Former Mayor Street visits Temple DNC News

Above: Mayor John Street speaks with Tracy Yatsko of the Temple DNC News Bureau earlier this month. Photograph by Christina Klos for the Temple DNC News Bureau.

Former Philadelphia Mayor John Street met with the staff of the Temple DNC News Bureau last week to discuss the 2016 election cycle, his experience as a public official and his expectations for the 2016 Democratic National Convention. During Street’s first few months as mayor, the 2000 Republican National Convention was held in Philadelphia.

At “these conventions more than any other place you can go — with the possible exception of a state fair — you actually see who this country is, which you don’t see every day,” said Street. “Seeing delegates from Iowa and Florida are so different than what we see everyday here in Philadelphia.”

The 2000 RNC was plagued with violent protests and demonstrations. Protesters ran clear wires high above the ground to decapitate mounted police, according to Street, though no one was injured.  They also slashed tires and even infiltrated citywide communication, which Street said was solved by police and city officials using Nextel cell phones.

“They did anything they could to provoke the police,” said Street. “They were trying to do some serious damage.”

They provoked the Philadelphia Police so much that one officer pulled a gun on a protester but never fired. Street said he “knew [the RNC] was going to be ugly.” The protests resulted in hundreds of arrests, according to the Associated Press.

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Temple University Professors Paul Gluck and Karen Turner look on as former Philadelphia Mayor John Street meets with the reporting team at the Temple DNC News Bureau earlier this month. Photograph by Christina Klos for the Temple DNC News Bureau.

Street believes the 2016 protests will be different, with the overwhelming majority remaining peaceful during the DNC. He cited the recent death of five Dallas police officers by a third party sniper during a peaceful demonstration as a huge reason why the protests may not be as violent as they were in 2000.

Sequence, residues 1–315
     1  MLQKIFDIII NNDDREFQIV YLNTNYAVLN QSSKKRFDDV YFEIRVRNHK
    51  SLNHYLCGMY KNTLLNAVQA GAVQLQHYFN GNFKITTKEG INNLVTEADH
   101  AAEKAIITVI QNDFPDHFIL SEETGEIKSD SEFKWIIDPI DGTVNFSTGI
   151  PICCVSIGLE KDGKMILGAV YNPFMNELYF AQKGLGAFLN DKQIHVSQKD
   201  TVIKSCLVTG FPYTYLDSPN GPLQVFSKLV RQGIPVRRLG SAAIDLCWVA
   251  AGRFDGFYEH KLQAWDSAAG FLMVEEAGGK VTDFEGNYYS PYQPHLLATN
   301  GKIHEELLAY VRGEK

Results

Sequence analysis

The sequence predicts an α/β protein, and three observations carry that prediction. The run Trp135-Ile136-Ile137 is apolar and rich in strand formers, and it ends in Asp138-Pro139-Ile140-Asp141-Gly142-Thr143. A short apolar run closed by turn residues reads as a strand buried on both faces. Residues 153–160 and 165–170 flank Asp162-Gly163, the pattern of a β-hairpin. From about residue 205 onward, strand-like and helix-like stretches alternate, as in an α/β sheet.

“Black Lives Matter will thrive, as they should. But I think when the five police officers went down; I think it sobered up a lot of people, even the most radical of people.”

Street said Philadelphia police commissioner Richard Ross Jr. is in talks with Mayor Jim Kenney and convention officials about respecting the citywide demonstrations.

“Our police department is determined to be responsible and respectful of the rights of the protesters.”

Street is no stranger to protests. In the 1960s, Street says he became an activist with his brother Milton after being mistreated for being the first minority vendors on the Temple University campus.  Street later attended Temple Law School. He said his activism eventually informed his political career.

A nine-year Political Science adjunct professor at Temple, Street said he aims to inform, entertain and inspire all of his students. During his visit, Street influenced the Temple DNC News Bureau students by informing them of the political climate, entertaining with his jokes about state fairs and inspiring them to make a difference as not only journalists, but voters.

Alexa Ross is reporting from the Temple DNC News Bureau in Philadelphia.